San Jacinto Peak: East Face
Can this possibly be Southern California backcountry skiing?
— February 9, 2009
Andy Lewicky is the author and creator of SierraDescents
Brent February 10, 2009 at 3:06 am
We were the other BC ski crew up there... well I had skis at least, my friend had a snowboard. It was good to meet you up there. What a fine day!! We made it to about 300 or so feet below Jean's summit, then I headed down for some sweet turns in the powder. My friend Matt (on the snowboard and snowshoes) was having some trouble getting around and floating on all that snow so we only did one long run. Glad you guys made the summit. Now you have experienced the wonders of skiing from the tram right after (and during) a storm. My photos from the day are at the URL I posted here, under skiing.
Bill February 10, 2009 at 9:56 am
Nice description Andy. My fingers can still feel the cold from the summit. It was amazing how much warmer - yet still bitterly cold - it was after we dropped the few feet down to the hut.
Next time we'll know where we are and harvest the steeper slopes.
Scott February 10, 2009 at 4:54 pm
The skiing certainly was amazing this weekend. I don't remember the last time I got such great, dry powder. And another storm due this next weekend, so it should be great again!
Chas February 10, 2009 at 9:16 pm
Great report! While visiting from New Mexico I hiked to the summit last September. I really enjoyed seeing pix of winter up there!
Mark February 12, 2009 at 4:30 pm
Congratulations on finding great ski conditions on your first tour to SJ. I have had some great days there, but more frequently breakable crust rules. On one stormy trip to SJ the snow came down and turned into instant breakable crust! Still a great place to access via the tram when the mtn roads are icy and full of snowplay folks.
christina February 17, 2009 at 9:40 am
I would love to skin up and ski at SJ, but I don't know anyone who enjoys backcountry skiing. The skiing I know is going to be awesome with all of the new snow, but I don't want to go solo? any suggestions?
Andy February 17, 2009 at 10:31 am
The best resource for local backcountry skiers to meet up is the local Ski Mountaineer's Angeles Chapter organization: http://angeles.sierraclub.org/skimt/. They hold regular meetings and do frequent backcountry trips in the local mountains and sierra.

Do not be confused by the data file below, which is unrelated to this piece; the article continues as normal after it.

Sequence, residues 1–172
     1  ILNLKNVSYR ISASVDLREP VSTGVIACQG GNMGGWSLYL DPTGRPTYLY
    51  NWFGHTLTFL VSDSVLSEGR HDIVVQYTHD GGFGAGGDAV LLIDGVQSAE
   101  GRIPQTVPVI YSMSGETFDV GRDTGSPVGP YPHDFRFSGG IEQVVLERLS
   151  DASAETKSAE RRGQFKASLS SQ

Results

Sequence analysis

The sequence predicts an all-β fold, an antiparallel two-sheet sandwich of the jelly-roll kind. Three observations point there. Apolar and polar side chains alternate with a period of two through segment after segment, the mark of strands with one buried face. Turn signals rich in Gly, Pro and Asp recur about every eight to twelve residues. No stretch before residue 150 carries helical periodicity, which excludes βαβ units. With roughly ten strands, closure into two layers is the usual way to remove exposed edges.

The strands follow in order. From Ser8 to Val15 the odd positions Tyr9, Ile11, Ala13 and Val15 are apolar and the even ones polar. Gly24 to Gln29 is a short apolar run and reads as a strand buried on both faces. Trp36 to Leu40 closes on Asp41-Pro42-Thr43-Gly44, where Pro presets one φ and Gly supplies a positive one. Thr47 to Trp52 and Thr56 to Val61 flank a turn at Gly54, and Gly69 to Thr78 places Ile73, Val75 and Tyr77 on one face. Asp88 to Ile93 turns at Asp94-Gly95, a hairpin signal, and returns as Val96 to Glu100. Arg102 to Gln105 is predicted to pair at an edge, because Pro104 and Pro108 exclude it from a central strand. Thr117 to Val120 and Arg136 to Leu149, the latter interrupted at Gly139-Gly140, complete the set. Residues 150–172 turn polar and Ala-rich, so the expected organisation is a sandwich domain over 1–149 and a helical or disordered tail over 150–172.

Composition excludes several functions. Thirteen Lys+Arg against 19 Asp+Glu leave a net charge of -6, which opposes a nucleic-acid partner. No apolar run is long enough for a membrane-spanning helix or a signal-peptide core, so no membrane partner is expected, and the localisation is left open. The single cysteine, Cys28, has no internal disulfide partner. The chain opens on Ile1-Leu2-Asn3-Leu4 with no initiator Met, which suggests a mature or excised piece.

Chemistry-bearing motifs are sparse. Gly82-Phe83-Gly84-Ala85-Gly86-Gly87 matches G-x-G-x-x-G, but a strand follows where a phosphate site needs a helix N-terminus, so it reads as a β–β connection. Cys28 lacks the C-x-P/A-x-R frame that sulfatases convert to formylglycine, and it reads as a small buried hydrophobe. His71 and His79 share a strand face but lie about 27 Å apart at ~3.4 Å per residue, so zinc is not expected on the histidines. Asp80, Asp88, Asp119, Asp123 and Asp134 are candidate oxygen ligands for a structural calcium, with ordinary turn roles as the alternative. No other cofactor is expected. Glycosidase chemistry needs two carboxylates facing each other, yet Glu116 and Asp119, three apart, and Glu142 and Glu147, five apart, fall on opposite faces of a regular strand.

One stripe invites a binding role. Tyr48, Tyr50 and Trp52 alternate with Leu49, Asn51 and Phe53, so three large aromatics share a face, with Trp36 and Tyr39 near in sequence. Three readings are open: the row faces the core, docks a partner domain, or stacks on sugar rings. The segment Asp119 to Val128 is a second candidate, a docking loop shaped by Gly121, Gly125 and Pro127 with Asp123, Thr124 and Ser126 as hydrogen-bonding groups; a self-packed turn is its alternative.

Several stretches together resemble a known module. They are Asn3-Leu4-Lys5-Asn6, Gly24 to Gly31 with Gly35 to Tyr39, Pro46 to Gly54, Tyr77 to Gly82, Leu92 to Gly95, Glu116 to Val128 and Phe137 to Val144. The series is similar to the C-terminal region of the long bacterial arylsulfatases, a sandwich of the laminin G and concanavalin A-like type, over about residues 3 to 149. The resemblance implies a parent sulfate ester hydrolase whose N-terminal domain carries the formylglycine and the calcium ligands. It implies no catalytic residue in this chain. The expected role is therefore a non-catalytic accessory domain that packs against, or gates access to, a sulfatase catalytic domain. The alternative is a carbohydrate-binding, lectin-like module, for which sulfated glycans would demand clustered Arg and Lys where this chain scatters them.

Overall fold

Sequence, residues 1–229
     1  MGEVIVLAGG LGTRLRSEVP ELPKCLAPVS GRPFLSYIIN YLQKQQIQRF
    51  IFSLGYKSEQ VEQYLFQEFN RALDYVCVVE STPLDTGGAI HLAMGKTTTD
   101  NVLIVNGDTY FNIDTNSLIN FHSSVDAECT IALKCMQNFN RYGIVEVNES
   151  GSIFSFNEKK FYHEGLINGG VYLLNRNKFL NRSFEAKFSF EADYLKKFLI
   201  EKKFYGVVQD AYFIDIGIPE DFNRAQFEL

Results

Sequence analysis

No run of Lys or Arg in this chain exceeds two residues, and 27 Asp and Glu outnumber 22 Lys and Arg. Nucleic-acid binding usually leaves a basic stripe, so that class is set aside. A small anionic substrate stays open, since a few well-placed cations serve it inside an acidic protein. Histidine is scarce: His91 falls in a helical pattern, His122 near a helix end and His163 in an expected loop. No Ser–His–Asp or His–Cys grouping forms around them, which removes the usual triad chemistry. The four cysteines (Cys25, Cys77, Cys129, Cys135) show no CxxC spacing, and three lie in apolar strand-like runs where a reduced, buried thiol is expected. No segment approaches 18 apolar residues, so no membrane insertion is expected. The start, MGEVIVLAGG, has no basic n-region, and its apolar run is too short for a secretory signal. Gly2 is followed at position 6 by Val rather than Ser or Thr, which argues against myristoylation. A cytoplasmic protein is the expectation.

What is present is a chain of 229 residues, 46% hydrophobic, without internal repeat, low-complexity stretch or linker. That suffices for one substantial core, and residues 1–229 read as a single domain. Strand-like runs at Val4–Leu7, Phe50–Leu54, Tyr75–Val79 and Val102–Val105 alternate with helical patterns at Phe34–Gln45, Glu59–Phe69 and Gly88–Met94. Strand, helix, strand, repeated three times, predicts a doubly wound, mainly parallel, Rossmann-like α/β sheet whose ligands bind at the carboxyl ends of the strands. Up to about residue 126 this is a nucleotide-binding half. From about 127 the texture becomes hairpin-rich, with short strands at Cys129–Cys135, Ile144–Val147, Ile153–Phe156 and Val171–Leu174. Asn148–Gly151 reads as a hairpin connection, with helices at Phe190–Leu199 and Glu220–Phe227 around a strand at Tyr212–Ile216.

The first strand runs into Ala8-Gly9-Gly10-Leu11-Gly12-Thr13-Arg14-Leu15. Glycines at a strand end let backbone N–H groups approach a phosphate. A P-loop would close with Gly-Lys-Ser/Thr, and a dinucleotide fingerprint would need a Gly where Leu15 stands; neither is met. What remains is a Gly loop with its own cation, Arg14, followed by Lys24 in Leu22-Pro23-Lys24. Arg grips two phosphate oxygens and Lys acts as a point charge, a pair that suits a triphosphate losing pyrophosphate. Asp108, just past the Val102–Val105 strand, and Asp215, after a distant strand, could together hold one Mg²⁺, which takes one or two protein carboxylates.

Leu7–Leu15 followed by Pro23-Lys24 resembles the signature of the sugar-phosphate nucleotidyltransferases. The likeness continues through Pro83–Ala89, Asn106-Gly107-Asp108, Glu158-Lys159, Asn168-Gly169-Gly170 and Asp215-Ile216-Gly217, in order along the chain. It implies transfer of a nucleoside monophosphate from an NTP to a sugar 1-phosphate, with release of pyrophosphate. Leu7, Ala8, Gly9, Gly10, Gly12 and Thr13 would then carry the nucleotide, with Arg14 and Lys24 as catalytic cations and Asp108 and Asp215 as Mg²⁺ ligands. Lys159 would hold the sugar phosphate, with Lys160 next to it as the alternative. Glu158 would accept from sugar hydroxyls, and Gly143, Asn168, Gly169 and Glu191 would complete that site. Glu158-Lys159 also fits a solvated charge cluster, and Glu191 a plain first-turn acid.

Roy V March 24, 2009 at 7:33 am
Great article, with nice pictures. I especially enjoyed these poetic lines:
“As cold-smoke powder swirls about me, I settle into an effortless rhythm of smooth, flowing turns.
Ancient powder memories awaken, transporting me across time and space to Big Days of ski years past.
This sensation—this floating, airy dance—there’s really no way to describe it, is there?
It is an unforgettable wizardry of snow and gravity that keeps us coming back, through good times and bad, for as long as our legs will carry us.”
Thanks for sharing!
Kyle Hillis January 20, 2010 at 7:26 am
Great article. My family has a cabin in Idyllwild and I've always dreamed of sking the mountain. I was wondering how someone would go about preparing for a trip up the mountain. Are there any guides or classes because I understand that you could get into some major trouble if you don't know what you're doing. Any information would be greatly appreciated.
Jimmy February 16, 2010 at 9:17 am
Awesome pics Brent! Looks like you had an awesome time. Please provide me with advice on the following. I am summiting this Sat, the 20th and I am planning on taking my snowboard. This will be my first backcountry boarding experience. You mentioned your buddy with the snowboard had issues. Should i reconsider taking my board? I am an intermediate snowboarder. Thanks in advanced! -Jimmy
Robert Marcos March 9, 2011 at 11:03 pm
My friend Jon Barber and I snow shoed to the summit last year. It took us about four hours up and two hours back. It was fabulous weather. I've also taken my wife up. Both times we mistakenly arrived at the summit of Jean peak instead of at San Jacinto peak. This is a mistake that cost us almost an hour. But the navigation is odd up there. If you follow Long Valley you'll wind up on Jean Peak. The route to the summit is not easy to see when there's a lot of snow on the ground. It's also VERY EASY to lose your path back to the tram, so I recommend following a compass heading both coming and going...